THE FIRST DAY OF SPRING, the first day of summer, the first day the baby walked, these occasions get all the plaudits and the second day gets nothing. Nobody remembers or even cares about the second of anything. It’s a damn shame. Who remembers the second time in their life that they had sex? Or the second time they drove a car? It’s only the first time that achieves recognition and enduring remembrance.
Ballplayers remember their first home run, not their second. The second time around the bases doesn’t have the same cachet, the same historical significance.
“In the first is the last” wrote Robert Browning, and I suspect that what he meant was that after the first, no one pays that much attention. Once you’ve broken the ice and gotten off zero, the other times simply don’t count for as much.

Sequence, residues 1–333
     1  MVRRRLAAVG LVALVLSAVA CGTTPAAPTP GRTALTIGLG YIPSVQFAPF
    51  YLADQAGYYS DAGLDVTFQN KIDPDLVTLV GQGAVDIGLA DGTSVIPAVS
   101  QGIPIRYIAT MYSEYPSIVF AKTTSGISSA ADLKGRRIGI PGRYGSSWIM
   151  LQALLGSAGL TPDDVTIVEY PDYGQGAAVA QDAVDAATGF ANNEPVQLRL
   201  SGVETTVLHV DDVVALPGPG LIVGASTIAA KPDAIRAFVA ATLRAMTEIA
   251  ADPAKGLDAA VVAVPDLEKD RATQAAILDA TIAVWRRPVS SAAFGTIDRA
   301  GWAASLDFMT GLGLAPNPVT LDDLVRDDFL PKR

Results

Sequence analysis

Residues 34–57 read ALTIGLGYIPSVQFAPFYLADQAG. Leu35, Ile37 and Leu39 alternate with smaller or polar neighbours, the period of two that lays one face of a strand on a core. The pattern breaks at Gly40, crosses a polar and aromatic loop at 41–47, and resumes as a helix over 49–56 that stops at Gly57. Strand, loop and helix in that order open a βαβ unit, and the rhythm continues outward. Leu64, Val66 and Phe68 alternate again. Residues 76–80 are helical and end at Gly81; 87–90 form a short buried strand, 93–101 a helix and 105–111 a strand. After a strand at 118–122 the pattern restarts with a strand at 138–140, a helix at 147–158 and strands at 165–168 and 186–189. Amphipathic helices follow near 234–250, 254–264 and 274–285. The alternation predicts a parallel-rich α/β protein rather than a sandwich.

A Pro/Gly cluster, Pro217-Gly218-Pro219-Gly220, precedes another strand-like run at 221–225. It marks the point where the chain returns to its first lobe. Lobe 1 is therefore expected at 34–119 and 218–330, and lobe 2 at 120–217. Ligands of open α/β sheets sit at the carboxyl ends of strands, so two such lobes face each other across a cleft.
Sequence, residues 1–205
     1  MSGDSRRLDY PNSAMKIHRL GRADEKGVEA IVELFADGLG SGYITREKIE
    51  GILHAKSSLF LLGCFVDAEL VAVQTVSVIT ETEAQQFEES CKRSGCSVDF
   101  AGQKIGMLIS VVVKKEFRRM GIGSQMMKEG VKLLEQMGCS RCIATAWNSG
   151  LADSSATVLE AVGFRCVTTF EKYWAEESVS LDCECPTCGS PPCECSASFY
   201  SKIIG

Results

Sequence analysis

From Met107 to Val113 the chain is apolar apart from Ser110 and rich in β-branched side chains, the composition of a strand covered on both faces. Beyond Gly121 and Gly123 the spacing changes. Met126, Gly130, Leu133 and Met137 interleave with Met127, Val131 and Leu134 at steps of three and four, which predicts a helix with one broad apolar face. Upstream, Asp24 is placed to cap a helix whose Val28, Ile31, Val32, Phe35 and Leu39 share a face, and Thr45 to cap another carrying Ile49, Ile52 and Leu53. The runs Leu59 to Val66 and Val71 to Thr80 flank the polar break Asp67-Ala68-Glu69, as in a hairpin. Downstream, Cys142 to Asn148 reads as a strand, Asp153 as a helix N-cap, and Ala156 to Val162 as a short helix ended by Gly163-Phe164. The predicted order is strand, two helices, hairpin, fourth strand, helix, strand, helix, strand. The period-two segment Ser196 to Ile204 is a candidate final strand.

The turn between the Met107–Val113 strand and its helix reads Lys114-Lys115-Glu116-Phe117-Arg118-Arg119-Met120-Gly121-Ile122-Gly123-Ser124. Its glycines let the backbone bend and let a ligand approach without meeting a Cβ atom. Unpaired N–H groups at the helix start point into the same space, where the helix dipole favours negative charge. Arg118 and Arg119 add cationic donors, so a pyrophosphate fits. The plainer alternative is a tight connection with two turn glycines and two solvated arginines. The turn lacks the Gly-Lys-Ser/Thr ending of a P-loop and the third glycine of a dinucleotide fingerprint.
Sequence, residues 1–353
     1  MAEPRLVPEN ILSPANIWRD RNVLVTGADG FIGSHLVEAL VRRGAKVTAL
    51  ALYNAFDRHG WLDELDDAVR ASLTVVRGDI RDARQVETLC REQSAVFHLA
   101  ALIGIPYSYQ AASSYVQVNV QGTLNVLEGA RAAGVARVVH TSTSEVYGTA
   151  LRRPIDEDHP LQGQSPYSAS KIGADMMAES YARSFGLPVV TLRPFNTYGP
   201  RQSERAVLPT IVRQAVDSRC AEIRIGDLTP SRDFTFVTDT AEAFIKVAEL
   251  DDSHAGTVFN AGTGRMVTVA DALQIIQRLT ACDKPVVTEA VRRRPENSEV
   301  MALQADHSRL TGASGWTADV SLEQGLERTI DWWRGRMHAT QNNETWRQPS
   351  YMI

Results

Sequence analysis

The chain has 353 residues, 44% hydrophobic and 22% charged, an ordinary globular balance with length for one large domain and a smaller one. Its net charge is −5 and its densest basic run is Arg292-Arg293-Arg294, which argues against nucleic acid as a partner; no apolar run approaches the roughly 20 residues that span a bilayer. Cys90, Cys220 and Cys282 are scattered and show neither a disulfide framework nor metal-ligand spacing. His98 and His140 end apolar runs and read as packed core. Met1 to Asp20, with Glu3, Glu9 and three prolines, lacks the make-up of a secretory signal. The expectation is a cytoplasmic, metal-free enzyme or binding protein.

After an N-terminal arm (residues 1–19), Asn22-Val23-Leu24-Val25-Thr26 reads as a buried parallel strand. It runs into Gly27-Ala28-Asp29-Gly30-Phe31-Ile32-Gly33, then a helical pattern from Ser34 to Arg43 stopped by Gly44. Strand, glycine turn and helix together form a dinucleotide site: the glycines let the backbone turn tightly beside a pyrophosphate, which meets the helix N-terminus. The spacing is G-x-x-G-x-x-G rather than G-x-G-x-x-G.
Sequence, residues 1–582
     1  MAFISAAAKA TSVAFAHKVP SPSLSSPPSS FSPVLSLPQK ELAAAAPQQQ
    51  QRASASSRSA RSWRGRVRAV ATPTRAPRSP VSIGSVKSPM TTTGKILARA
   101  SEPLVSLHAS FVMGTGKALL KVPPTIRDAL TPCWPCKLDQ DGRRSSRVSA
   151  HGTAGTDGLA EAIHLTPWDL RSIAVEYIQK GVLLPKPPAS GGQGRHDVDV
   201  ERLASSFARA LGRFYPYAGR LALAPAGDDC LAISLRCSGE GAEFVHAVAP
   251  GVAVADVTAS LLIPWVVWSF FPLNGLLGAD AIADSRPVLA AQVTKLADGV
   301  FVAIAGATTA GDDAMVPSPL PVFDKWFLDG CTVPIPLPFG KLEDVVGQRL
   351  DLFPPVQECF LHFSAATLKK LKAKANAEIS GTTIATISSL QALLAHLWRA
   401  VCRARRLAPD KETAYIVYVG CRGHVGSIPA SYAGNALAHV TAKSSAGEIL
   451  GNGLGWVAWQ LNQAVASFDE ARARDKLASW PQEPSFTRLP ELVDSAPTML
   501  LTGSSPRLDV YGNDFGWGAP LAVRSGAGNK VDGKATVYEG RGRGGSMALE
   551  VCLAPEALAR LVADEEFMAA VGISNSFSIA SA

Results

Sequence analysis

Perhaps there are instances when things happen so fast, it’s difficult to resurrect the exact order or the proper identities of the parties. “Who’s on first, What’s on second, I Don’t Know’s on third—“
So I mourn the passing of firsts. After a certain age, one begins to anticipate not firsts but lasts. The last time one had sex; the last time one drove a car; the last time one looked up at the attending medical professional, grinned, and whispered, “And now for something completely different.”